Re: [TLS] Enforcing Protocol Invariants

Eric Rescorla <> Fri, 09 November 2018 02:52 UTC

Return-Path: <>
Received: from localhost (localhost []) by (Postfix) with ESMTP id 7C87E130DC1 for <>; Thu, 8 Nov 2018 18:52:31 -0800 (PST)
X-Virus-Scanned: amavisd-new at
X-Spam-Flag: NO
X-Spam-Score: -1.9
X-Spam-Status: No, score=-1.9 tagged_above=-999 required=5 tests=[BAYES_00=-1.9, DKIMWL_WL_MED=-0.001, DKIM_SIGNED=0.1, DKIM_VALID=-0.1, HTML_MESSAGE=0.001, RCVD_IN_DNSWL_NONE=-0.0001] autolearn=ham autolearn_force=no
Authentication-Results: (amavisd-new); dkim=pass (2048-bit key)
Received: from ([]) by localhost ( []) (amavisd-new, port 10024) with ESMTP id CPHMPN_YEdy0 for <>; Thu, 8 Nov 2018 18:52:29 -0800 (PST)
Received: from ( [IPv6:2a00:1450:4864:20::135]) (using TLSv1.2 with cipher ECDHE-RSA-AES128-GCM-SHA256 (128/128 bits)) (No client certificate requested) by (Postfix) with ESMTPS id 385601277BB for <>; Thu, 8 Nov 2018 18:52:29 -0800 (PST)
Received: by with SMTP id p86so263711lfg.5 for <>; Thu, 08 Nov 2018 18:52:29 -0800 (PST)
DKIM-Signature: v=1; a=rsa-sha256; c=relaxed/relaxed;; s=20150623; h=mime-version:references:in-reply-to:from:date:message-id:subject:to :cc; bh=Xn7Smq305soewKT4AVMp8AZoexUfEg43d1T8SMfr3qE=; b=Colxbq1nxuUjaHyEiGeffeVC3ATUKtl3U2vX+WcNPiKz2RJyXxs6fKtWkHfp+KR4nU 5Blu/L33H8tJd/YHLlrTaJi8omdlRFgTkoQMUQXV37MUDgPwoAeb5/wRX5yCK5rF0WP5 G7YTfMQ1OU1N4Ofq5qDKLZ1r7ATsKKPSi4xSqdxwCRVTMfn49pKgXGHAZb5+Hm/eT6nU e+RAUvZSn9UuNKW1p+J728giMrRm/ECyND5msbE9KlJ2pHaW+2ORRI1ehXpAw+5584ei NJJLaPtyezOTIxePKgaIxfXZk3w7csJCHIo50mlp8ihtsYzkldbroQ5zMAifPsn7d/Jv 6piw==
X-Google-DKIM-Signature: v=1; a=rsa-sha256; c=relaxed/relaxed;; s=20161025; h=x-gm-message-state:mime-version:references:in-reply-to:from:date :message-id:subject:to:cc; bh=Xn7Smq305soewKT4AVMp8AZoexUfEg43d1T8SMfr3qE=; b=cHMkyXF2jIs0ZOW45mkg4mDg7wSjc9De/qgaLhMWpIBkMlI/uc7I4aDDroLaTcOaca DkJM4YC5PguiSrWC5/uGkQv9M19SFvghglaUdQYt0xo4PLUhe+yzX553QsxIxlCapA57 zaRptp1cOAaxtMg/jYBckHqg0ZnxL780i08BPZtKisr2d41ysYx0YGo74o8+9EBFANQ9 zdMejLphg6PsZ2QrUgslBnbS0MynwYCcV2K8HBX35JQ03RW3a+8x5tbBU8EEOhog/GXu xCQY4JobpRMiROnB660RTqzulb/UVTtE6n0AZ9qyvAZtG3p2XWSBUmWwDs4wXQjCTYdN GwPQ==
X-Gm-Message-State: AGRZ1gKA9GLJa3d9eh0kktTJiwYWByxHR88xfEk25SniXjrn88qj16tj 9VPYQAlW+XjRW/QgsAQnlKgAbRdwYQUoXjhPs3Qlhg==
X-Google-Smtp-Source: AJdET5dCZKGCUYuAOD392OITn5FXnDu4P5mdOboente71KaE8k6B4ldlb0yowefj+yqQRL35jNcMY10Y/dF/NKhEFX0=
X-Received: by 2002:a19:ca51:: with SMTP id h17mr3940707lfj.126.1541731947151; Thu, 08 Nov 2018 18:52:27 -0800 (PST)
MIME-Version: 1.0
References: <> <> <>
In-Reply-To: <>
From: Eric Rescorla <>
Date: Thu, 08 Nov 2018 18:51:49 -0800
Message-ID: <>
To: Ryan Carboni <>
Cc: "<>" <>
Content-Type: multipart/alternative; boundary="0000000000000c9ff2057a3271f8"
Archived-At: <>
Subject: Re: [TLS] Enforcing Protocol Invariants
X-Mailman-Version: 2.1.29
Precedence: list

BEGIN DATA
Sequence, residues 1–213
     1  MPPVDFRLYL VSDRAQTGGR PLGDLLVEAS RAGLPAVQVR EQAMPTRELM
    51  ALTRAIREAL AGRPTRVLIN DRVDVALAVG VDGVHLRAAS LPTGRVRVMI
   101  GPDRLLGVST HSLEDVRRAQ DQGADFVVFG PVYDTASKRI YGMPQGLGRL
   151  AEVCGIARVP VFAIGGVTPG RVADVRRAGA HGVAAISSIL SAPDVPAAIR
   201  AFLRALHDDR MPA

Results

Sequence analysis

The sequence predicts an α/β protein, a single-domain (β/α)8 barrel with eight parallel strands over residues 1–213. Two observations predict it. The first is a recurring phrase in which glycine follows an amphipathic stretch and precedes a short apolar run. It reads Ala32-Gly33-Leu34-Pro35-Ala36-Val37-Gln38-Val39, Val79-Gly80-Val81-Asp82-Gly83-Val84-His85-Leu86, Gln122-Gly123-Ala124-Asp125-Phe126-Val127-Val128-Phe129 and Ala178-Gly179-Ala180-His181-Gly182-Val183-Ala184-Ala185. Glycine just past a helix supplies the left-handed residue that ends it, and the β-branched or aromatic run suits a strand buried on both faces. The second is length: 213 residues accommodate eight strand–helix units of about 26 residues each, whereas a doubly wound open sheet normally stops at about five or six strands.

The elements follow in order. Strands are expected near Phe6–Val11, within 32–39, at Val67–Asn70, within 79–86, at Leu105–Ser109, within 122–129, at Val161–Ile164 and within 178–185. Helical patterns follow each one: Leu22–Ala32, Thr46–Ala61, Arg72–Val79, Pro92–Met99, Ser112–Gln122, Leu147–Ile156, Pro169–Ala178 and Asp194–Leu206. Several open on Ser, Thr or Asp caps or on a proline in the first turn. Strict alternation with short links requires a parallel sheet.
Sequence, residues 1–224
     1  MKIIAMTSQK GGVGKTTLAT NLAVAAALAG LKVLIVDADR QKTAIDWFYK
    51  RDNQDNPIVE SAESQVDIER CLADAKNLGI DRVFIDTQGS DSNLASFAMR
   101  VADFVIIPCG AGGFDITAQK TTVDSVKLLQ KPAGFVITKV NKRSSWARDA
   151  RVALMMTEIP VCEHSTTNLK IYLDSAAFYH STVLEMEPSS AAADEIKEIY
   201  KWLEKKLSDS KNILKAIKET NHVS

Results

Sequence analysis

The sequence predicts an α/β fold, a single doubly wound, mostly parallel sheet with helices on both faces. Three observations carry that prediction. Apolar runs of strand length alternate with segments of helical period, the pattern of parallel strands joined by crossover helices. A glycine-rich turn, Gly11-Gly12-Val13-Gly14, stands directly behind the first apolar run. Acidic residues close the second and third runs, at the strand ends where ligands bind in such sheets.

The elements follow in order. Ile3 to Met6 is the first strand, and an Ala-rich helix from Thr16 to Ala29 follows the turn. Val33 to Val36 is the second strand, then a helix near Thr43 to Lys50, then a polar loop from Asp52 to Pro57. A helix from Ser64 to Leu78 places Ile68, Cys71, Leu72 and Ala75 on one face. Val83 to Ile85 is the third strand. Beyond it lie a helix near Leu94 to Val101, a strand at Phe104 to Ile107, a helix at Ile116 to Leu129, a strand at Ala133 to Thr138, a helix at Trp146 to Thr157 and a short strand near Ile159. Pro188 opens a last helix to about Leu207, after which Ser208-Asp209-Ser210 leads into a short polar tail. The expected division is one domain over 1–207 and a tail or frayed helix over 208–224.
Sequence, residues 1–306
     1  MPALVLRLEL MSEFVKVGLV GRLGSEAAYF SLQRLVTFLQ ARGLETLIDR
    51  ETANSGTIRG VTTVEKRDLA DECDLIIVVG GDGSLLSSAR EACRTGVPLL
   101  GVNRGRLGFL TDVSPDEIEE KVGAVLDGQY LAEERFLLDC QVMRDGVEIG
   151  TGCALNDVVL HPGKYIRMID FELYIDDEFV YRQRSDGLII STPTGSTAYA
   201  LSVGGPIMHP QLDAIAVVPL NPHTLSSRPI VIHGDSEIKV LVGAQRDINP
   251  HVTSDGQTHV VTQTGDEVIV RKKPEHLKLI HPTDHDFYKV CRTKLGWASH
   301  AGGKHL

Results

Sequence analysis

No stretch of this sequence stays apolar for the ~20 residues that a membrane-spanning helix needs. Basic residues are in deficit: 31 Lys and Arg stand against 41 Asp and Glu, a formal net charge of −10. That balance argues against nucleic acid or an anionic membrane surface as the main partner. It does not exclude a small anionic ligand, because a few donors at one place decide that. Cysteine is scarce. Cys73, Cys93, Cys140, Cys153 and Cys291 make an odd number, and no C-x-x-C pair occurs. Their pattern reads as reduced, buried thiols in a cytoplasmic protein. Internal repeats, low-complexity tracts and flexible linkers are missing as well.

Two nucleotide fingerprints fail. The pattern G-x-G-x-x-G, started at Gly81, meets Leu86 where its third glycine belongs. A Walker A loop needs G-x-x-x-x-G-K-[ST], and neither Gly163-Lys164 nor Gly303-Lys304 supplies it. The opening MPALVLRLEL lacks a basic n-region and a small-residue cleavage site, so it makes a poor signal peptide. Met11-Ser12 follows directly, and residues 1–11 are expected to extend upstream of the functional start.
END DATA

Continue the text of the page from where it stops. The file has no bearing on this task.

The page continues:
List-Id: "This is the mailing list for the Transport Layer Security working group of the IETF." <>
List-Unsubscribe: <>, <>
List-Archive: <>
List-Post: <>
List-Help: <>
List-Subscribe: <>, <>
X-List-Received-Date: Fri, 09 Nov 2018 02:52:32 -0000

On Thu, Nov 8, 2018 at 6:31 PM Ryan Carboni <> wrote:

> On Thursday, November 8, 2018, Eric Rescorla <> wrote:
>>  It's also worth noting that in practice, many sites are served on
>> multiple CDNs which do not share keying material.
> Encrypting common knowledge is cargo cult fetishism for cryptography. The
> files could be sent unencrypted, and protected using subresource integrity.
> If you are sharing the same data to multiple second parties to serve to a
> single third party, the value of encryption is less than zero.

I believe you are misunderstanding me. The issue is not about
confidentiality of the records but about correctness.

Consider the case where which is hosted on two CDNs, X and Y. X
and Y have different private keys (for the reasons you indicate) as well as
different crypto configurations. The client does an A/AAAA lookup for and gets an A for X and then does a TXT lookup for
and gets the TXT for Y. This creates failures. We've spent quite a while
working on this problem for ESNI and there aren't a lot of great answers
right now. It seems like your proposal would suffer from the same issue.

In any case, Eric, you inadvertently contradict yourself. The whole point
> of WebPKI is to certify trust, and has been an issue over the years. But
> CDNs act as a intermediary between the creator of the content and the end
> user. CDNs do not have as strict requirements as do CAs in terms of
> auditing, and have their own issues outside the scope of this conversation.

Well, I agree that this is out of scope, but the guarantees that the WebPKI
claims to enforce (at least for DV) is effective control of the domain
name, and a CDN acts as the origin server for a given domain and hence
effectively controls it. I appreciate that many people don't like this, but
it's essentially the only design that's consistent with having the CDN act
for the origin, which is at present basically essential for good

In any case, TLS 1.3 won’t reach widespread adoption for another few years,

I don't know what you consider "widespread", but presently both Chrome and
Firefox support TLS 1.3, and our data shows that about 5% of Firefox
connections use TLS 1.3. Chrome's numbers are similar and the numbers from
the server side perspective are higher (last time I checked, Facebook was
reporting > 50% TLS 1.3).